1: Cartagena, Colombia

Today, early in the morning, our ship docked at the port city of Cartagena, located on Colombia’s Caribbean coast at the very northern tip of the South American continent.

We met our tour guide, Marta, and our driver, Luis, at the end of the pier at the passenger ship terminal. Our first stop was the city’s highest point, a 16th-century Spanish monastery perched atop a mountain.

Once home to Spanish Franciscan and Jesuit monks, the monastery is largely a tourist attraction today, although the facility is still used by three practicing Catholic priests. 

From the top of the hill, one can get a birds-eye view of Cartagena’s many neighborhoods. Visible in this picture are Cartagena’s central avenue, dotted with orange buses that provide free transportation to all of the city’s districts, the busy commercial port, the modern skyscrapers on the island of Manga (Mangoes, so named for the mango trees that grow there), and on the far right, the domes of the old walled city.

On the other side of the hill sprawl the city’s working-class neighborhoods. Many of the people living here are making the minimum salary of $3,600 USD per year, and an increasing number are refugees fleeing the economic conditions in neighboring Venezuela. Also visible here are the runways of Cartagena Airport and the pointed red roof of a modern school, donated to the city by the singer Shakira.

Our next stop was a massive stone fortress built by the Spanish to defend the city from invasion by a foreign power or by pirates. The sloped walls, constructed of limestone, coral and brick, are designed to deflect cannonballs.

The fortress is crisscrossed by a network of stone tunnels, designed to allow the Spanish soldiers to move around the fort without being visible by the enemy. Here, an entrance to one of these tunnels:

What the tunnels look like on the inside:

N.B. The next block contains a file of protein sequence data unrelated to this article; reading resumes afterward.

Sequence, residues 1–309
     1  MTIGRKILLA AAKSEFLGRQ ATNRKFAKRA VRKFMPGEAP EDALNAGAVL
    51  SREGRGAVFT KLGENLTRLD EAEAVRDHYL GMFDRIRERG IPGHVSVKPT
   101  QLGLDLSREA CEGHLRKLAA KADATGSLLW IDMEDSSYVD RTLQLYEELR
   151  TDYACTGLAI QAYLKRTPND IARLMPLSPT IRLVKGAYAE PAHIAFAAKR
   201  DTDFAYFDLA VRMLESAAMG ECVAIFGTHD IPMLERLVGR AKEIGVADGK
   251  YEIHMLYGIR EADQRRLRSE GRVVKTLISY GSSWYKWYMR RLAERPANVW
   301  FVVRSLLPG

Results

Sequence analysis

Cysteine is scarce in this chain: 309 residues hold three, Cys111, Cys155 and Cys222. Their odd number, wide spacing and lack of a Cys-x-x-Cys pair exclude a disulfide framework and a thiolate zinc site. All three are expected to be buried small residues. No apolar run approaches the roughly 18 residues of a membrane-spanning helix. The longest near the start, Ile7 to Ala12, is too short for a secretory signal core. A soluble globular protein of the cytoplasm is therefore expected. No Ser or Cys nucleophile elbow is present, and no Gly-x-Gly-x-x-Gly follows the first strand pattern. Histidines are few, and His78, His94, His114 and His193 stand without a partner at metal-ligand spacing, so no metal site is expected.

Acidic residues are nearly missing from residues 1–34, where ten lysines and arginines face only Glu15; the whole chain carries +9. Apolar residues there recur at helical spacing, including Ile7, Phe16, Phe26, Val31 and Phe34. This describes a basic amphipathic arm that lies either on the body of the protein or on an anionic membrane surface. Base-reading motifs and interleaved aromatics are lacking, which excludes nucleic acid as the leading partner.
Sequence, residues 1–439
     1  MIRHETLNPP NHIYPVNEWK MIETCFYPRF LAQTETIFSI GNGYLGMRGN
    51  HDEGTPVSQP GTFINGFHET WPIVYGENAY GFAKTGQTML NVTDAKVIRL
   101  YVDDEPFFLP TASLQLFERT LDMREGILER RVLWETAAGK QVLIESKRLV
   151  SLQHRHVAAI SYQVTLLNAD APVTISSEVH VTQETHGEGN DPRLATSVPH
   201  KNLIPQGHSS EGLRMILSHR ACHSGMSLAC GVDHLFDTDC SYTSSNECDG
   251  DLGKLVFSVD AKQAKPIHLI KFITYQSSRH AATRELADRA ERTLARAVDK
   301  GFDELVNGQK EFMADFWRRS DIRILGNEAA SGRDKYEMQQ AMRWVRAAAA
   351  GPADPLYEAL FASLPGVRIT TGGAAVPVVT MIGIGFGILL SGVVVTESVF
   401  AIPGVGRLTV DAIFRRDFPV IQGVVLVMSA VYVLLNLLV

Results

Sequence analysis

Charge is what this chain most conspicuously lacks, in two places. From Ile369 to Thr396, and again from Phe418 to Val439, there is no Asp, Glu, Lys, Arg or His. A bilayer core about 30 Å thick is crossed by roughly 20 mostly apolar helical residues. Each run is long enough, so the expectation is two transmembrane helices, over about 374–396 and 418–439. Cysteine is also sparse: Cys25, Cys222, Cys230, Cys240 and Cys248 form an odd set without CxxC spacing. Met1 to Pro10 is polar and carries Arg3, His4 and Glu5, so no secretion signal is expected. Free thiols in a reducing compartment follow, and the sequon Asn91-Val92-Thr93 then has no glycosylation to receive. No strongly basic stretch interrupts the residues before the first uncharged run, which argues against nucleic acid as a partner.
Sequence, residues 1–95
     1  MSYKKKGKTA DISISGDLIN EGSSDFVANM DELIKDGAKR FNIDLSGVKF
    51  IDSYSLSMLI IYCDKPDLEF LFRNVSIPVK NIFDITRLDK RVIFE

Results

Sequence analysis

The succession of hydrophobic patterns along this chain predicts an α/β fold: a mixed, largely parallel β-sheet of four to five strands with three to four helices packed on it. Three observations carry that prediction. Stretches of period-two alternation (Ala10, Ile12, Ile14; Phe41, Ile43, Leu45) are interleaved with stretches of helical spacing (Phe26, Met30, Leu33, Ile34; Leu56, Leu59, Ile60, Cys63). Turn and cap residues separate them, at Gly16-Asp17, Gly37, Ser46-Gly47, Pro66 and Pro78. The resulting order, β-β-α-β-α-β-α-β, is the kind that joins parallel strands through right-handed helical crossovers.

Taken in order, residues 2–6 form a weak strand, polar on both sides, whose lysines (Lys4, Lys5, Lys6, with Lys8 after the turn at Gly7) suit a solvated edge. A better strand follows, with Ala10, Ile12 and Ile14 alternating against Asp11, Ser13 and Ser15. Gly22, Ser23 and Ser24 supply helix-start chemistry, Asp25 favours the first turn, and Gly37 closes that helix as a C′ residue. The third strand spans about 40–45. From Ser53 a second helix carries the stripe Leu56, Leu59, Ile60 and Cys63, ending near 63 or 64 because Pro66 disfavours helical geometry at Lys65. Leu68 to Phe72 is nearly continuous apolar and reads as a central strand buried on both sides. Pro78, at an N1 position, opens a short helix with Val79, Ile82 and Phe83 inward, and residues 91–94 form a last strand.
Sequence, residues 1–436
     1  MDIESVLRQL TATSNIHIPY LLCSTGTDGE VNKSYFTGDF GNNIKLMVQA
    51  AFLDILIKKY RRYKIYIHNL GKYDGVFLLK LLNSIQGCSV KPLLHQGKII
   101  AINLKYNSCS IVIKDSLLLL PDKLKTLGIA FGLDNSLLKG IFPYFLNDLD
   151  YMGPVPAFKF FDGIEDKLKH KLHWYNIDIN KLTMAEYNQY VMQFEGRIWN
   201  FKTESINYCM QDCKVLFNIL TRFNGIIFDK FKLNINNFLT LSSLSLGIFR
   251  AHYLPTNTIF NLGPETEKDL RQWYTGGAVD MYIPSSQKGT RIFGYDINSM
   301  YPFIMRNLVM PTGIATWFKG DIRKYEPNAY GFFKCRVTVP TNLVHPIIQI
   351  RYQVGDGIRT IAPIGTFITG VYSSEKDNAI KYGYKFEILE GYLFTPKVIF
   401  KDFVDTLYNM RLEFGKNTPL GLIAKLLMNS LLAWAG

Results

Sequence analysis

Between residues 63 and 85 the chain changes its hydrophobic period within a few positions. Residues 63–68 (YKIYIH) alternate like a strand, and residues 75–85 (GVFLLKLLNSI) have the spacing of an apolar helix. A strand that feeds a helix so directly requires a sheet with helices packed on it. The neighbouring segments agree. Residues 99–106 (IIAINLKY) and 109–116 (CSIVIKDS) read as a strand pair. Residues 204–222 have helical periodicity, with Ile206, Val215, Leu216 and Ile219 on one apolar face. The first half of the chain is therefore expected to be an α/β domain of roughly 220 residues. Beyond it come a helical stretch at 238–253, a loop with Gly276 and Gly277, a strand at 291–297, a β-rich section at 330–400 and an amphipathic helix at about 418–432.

Our final stop took us to the Old City of Cartagena, which is comprised of beautifully restored colonial-era buildings and surrounded by a stone wall. Here are some pictures taken from the streets of the Old City:

Most of the buildings in the Old City are these two-story homes, which feature balconies and beautiful inside courtyards. Centuries ago, these houses belonged to middle-class Spaniards, but now, many have been converted into hotels, Airbnbs, or shops.

Here, the flag of the city of Cartagena flies from a colonial-era home along Calle de Don Sancho.

This is a Spanish cathedral called la Catedral de Santa Catalina de Alejandria, featuring beautiful columns and a peaked tower visible from all over the city.

More pictures from the Old City:

Cartagena is one of my favorite places that I’ve ever visited, and I am sure that I will return to the South American continent someday. The city is vibrant, dynamic, and unlike anywhere else I’ve been. Fifty-story luxury skyscraper hotels coexist with 16th-century cathedrals and illegal settlements clinging to the side of sheer cliffs. The streets are populated by tiny yellow taxis, delivery trucks, and old 4x4s, with countless motorcycles weaving in and out of it all. At red lights, local residents wash the windshields of the stopped cars for a small fee and sell snacks and cold water. It is a city just as modern and bustling as it is historic, and I hope to see more of what South America and Colombia have to offer.

Next stop: traversing the Panama Canal.

© Knstrong 2013